Driving from Parma, navigating a winding mountain road to Tuscany, I came across Castello di Compiano, a medieval castle embraced by fortified walls and built atop a rocky outcrop of a mountain village. The castle’s jaw-dropping views across the Taro River and the Apennines mountains make it one of the most spectacular locations in northern Italy.
Its origins are uncertain but archaeologists claim its existence dates back to the first century. In its life Castello di Compiano has been a royal residence, a prison, military barracks, a girl’s boarding school, and now it’s an exclusive 13-suite hotel.
Although it’s just an hour’s drive from Parma and 90-minutes from Bologna (the nearest airport is in Genova), the tranquillity offered by the village, Compiano and its Castle makes this a boutique escape from city chaos. The adjoining park and swimming pool complete the paradise feel.
The accommodations at Castello di Compiano are unique too – HRH Prince Albert II of Monaco recently slept in the Castle. In fact, it’s said the Grimaldis (Monaco Royal Family) have their roots here. The suites are all bespoke – some boasting original 16th century fireplaces, wooden floors, ceiling and doors – complete with royal crest. A marble plate hung on the castle wall denotes all the royal families that have inhabited the castle since 800 AD. I stayed in a Junior Suite (€180) which was in the North Tower. It had a loft area with two additional beds (great for kids) and long views across the park.
Other than gala dinners and fashion shows, the gothic Castle has a chapel and banqueting hall which regularly hosts weddings. It’s also home to the International Masonic Museum – the first and only museum of its kind in Italy.
Untouched for centuries, Compiano is a village of outstanding beauty. Just a few steps from the castle, in the ancient village with its narrow cobbled streets, are buildings with sculpted doorways and genuine ancient friezes.
Facing the main square is the superb La Vecchia Compiano, a traditional family-run Italian restaurant with time-honoured flavors. Their seasonal menu (which includes Italy’s famed Porcini and Prugnoli mushrooms and some 400 bottles of Italy’s finest) had me and my dinner guest feasting on Chestnut Gnocchi with Ricotta Cheese and Pumpkin Gnocchi with walnut sauce, washed down with a bottle of Pinot Grigio from Veneto (I got a chunk of change from a €50 note).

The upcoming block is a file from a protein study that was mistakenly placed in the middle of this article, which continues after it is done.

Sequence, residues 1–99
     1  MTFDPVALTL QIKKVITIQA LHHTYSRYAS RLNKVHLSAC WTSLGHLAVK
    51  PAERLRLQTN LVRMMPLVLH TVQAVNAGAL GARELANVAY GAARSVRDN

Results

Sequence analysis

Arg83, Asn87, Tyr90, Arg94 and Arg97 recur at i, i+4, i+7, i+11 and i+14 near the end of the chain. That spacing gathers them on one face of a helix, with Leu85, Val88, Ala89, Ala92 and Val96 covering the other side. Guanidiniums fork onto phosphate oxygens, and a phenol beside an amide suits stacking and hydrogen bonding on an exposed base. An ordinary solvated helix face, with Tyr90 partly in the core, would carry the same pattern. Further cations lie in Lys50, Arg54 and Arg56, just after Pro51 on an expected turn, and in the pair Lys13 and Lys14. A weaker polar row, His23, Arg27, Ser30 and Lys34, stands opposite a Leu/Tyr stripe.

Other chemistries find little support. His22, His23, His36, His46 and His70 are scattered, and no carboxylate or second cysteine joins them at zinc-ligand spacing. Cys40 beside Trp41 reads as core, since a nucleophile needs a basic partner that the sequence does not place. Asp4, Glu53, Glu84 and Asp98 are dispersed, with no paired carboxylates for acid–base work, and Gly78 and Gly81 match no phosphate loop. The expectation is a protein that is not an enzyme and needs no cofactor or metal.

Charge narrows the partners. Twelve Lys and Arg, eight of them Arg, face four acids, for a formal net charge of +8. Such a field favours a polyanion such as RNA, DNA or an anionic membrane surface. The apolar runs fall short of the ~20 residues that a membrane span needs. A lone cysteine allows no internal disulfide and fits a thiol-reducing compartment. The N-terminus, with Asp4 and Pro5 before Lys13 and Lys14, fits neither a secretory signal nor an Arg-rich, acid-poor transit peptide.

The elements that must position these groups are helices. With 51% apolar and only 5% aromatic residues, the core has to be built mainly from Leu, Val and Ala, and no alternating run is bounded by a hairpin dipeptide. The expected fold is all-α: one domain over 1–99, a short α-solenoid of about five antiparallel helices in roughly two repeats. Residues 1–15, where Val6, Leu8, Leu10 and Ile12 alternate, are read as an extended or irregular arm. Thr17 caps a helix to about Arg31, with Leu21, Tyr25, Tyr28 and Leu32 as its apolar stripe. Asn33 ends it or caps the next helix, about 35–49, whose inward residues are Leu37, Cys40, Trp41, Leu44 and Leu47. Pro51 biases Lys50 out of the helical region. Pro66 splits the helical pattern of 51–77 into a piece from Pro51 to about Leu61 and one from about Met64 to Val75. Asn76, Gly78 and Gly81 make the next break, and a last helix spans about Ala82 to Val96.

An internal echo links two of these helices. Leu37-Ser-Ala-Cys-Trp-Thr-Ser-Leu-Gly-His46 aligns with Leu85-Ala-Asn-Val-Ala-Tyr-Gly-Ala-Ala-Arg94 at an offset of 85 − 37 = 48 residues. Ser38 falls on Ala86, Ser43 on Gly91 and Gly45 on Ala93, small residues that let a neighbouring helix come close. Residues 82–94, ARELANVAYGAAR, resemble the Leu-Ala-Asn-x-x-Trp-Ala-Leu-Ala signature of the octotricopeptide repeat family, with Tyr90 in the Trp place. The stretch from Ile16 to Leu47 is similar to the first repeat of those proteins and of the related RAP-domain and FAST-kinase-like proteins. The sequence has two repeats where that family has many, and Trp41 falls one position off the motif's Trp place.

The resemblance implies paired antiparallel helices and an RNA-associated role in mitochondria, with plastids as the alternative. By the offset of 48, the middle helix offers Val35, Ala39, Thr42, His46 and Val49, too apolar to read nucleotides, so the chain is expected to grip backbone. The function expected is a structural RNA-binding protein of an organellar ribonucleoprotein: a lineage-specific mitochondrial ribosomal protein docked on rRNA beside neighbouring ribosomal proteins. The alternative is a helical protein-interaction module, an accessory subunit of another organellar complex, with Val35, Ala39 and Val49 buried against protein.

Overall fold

Italy, I was told, produces the largest amount of wine in the world – most of which is grown in Tuscany. One of its famed wine regions, found between Rome and Florence (bordering the Tyrrhenian Sea) is Chianti – which is where I was heading. I took in a tasting of truffle flavoured olive oil at Tenuta Casanova, the private estate of former veterinarian turned vine master, Silvano Cis. I then spent a bit of time getting to know his wine cellar, later moving into the kitchen where his wife,Rita, took over for a cooking class. I came away with much Italian cooking know-how, the most tried and tested of which is Tiramisu.
Ingredients: 3 eggs (whip the egg whites), 6 tablespoons sugar, 250g mascarpone cheese, a cup of espresso coffee (mixed with generous tot of liqueur and sugar), a square of extra dark chocolate.
Method: Prepare the coffee, cream egg yolk with the sugar, add mascarpone cheese and mix well, add whipped egg whites. Layer a dish with good digestive biscuits then soak with coffee. When cooled, cover with cream mix then grate over the chocolate.
I also visited Livorno’s prestigious Petra wine estate whose owner, Vittorio Moertti, saw the potential of the sea-breezed hills where his 100-hectare Merlot, Cabernet Sauvignon and Sangiovese vines are dominated by a dramatic winery designed by Mario Botta. The hill tunnels Botta designed create perfect natural maturing conditions in barrels and here I was introduced to some of the best Chianti’s.
Back on the road I headed to Grosse and my luxury accommodations. L’Andana is a 33-roomed authentic villa on a 500-hectare estate in the wilds of Tuscany. An indulgent ESPA treatment, a swordfish dinner and a deep comfortable bed awaited me. My opulent superior suite (€1,200) was comfortable and large, and had an equally lavish bathroom. However I was taken aback at the exorbitant prices charged for the lousy service offered. The breakfast was nothing to write home about either.
Heading deeper into the hills I found Laticastelli, where I bedded down for a couple of nights. Laticastelli is owned by a former Argentinean polo player turned hotelier, Gonzalo Aguilar, who in recent years sympathetically restored the 1200-year old village ruins into a boutique hotel. It has an equestrian theme, infinity pool and ‘La Taverna’, which must be one of Tuscany’s best regional restaurants. My beautiful deluxe suite housed an immense and hugely comfortable four-poster bed (€180).
Over the next couple of days I visited several neighbouring mountain villages, dined at ‘greasy spoons’ and drank in working men’s pubs, each time coming away with new retirement plans and a promise to return and linger just a little longer in the Tuscan hills.
Azienda Agricola Tenuta Casanova, Località Sant’Agnese 20, Castellina in Chianti 53011 (Siena), Tel +39 335 6150760, www.tenutacasanova.it
Petra Azienda Agricola, Località San Lorenzo Alto 131, 57028 Suvereto (Livorno), Tel +39 565 845308, www.petrawine.it
L’Andana, Tenuta La Badiola, Localita Badiola, Castiglione della Pescaia, 58043, Grosseto (Siena), Tel +39 564 944800, www.andana.it
Laticastelli, 53040 Rapolano Terme (Siena), Tel +39 389 9147703, www.laticastelli.com